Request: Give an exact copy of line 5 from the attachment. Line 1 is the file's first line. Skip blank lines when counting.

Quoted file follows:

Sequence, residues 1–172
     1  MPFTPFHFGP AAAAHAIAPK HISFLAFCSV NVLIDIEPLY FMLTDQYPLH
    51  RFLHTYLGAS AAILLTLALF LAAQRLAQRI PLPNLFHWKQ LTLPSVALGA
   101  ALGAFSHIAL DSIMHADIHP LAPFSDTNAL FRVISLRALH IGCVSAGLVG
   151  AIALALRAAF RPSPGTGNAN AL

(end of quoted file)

   151  AIALALRAAF RPSPGTGNAN AL